Grandma\’s Tales

November 20, 2006

How long is a short story?

Filed under: Language — Rajesh @ 1:07 am

Friend Rajesh wants to know the basic components of a short story. Lists may vary, but a lot of people I respect and writers I admire seem to agree on a few points. Let’s look at them.

The major one is what triggers a short story in your mind. Imagine you are at a busy railway station. You watch people milling around. There! That guy with a large parcel in hand, rushing off toward the platform, where is he going? How come he only has a shoulder bag for luggage? Is he going to see someone off? Is he travelling to the next town? What is in the parcel, a gift? Something dangerous? Who is it for?

Now, there you have the beginning of a plot. A plot that has a conflict. In the story above, you could build the suspense, by focusing on the parcel. “As he boarded the train, the man near the door put out his hand to take the parcel. “No!” he (our man) shouted. “I’ll carry it myself.” The conflict, the suspense, the what-will-happen-next quality is what will get the readers to engage with your story.

A plot does not mean a description. A plain description of a place or a person will end up as a plain paragraph.

There is something you need to avoid completely, kill the temptation for. Do not state the obvious. “He walked down the platform, went to the door, climbed the steps, held the grab rail and got into the train.” Yawn!

Next, you need characters. Are you going to write about a person, an animal, or a group of people (particular or general)? Is your character(s) realistic? Fully developed? Are they people to whom readers can relate? Do they have discernible personalities? My teacher once suggested a character cluster. In bubbles around the word “character”, we were asked to scribble brief descriptions of looks, work, relationship history, family, mannerism, beliefs … of each character. Know your characters well. Then it’s easier to get them to do what you want.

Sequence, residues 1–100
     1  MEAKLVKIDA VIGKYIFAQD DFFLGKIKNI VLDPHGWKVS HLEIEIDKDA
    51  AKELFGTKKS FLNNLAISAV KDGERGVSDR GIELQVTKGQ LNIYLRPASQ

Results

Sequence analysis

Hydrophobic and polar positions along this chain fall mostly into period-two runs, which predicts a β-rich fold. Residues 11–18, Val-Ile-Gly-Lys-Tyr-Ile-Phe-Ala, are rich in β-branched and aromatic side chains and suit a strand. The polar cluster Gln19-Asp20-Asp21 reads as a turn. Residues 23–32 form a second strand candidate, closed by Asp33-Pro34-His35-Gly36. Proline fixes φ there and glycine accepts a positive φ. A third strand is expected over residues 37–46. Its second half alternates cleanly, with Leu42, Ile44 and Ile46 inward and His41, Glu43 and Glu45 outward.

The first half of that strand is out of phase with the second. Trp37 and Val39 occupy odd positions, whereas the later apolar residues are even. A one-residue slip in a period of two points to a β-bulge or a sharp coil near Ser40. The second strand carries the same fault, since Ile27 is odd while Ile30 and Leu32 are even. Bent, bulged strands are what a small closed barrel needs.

Try giving your character a flaw. Also a motivation for his action.

Next, where does your story take place? You could place it in a familiar setting (Churchgate station, Juhu beach). But make sure you get your facts right. You don’t want someone saying, “Hey, a mountain near the XYZseashore? Must have grown since I visited it last week!”

You could also create a setting. The finest example is of course, RK Narayan’s Malgudi. Read his books to see that town come alive with its landmarks and the “so believable!” characters. When a class put up an exhibition of Narayan’s works, they made a diorama of this village. Every visitor was asked, “Where is Malgudi?”. The kids did this with a straight face. Most people said it was in Tamil Nadu or Karnataka. When we told them it was fictional, their uniform reaction was, “But it’s so real!”

The ending: Have you read O’ Henry’s stories (The Cop and the Anthem)? James Herriot’s? Somerset Maugham’s? Have you read the story The Monkey’s Paw? Saki (HH Munroe)’s The Open Window? The Most Dangerous Game by Richard Connell? The Story of an Hour by Kate Chopin? Stories of Anton Chekov? A J Cronin?  Thurber?

The list is long. There are people who swear by Isaac Asimov, who wrote all those sci-fi stories. The point is, a short story could be woven around any uncomplicated theme. It (often) has rising action, crisis, climax and finally, resolution. And a sting in the tail, an unexpected ending.

There are also open-ended stories. These are very effective since the reader is invited to form his own conclusion. Do read Rabindranath Tagore’s stories. Try also The Lady or the Tiger? by Frank Stockton.

davidbdale, who writes all those wonderful stories, uses exactly 299 words to compose a short story. You can see two major strengths in his stories: one is insight (the considered thought, the depth of understanding of his theme, a fresh way to look at a subject … call it what you want). The other is his choice of words and phrases. It makes his writing concise (language), “pared own to essentials”.

But then, as we have seen, you can write a short story in six words or less. In those stories, most of us tend to give the ending away!


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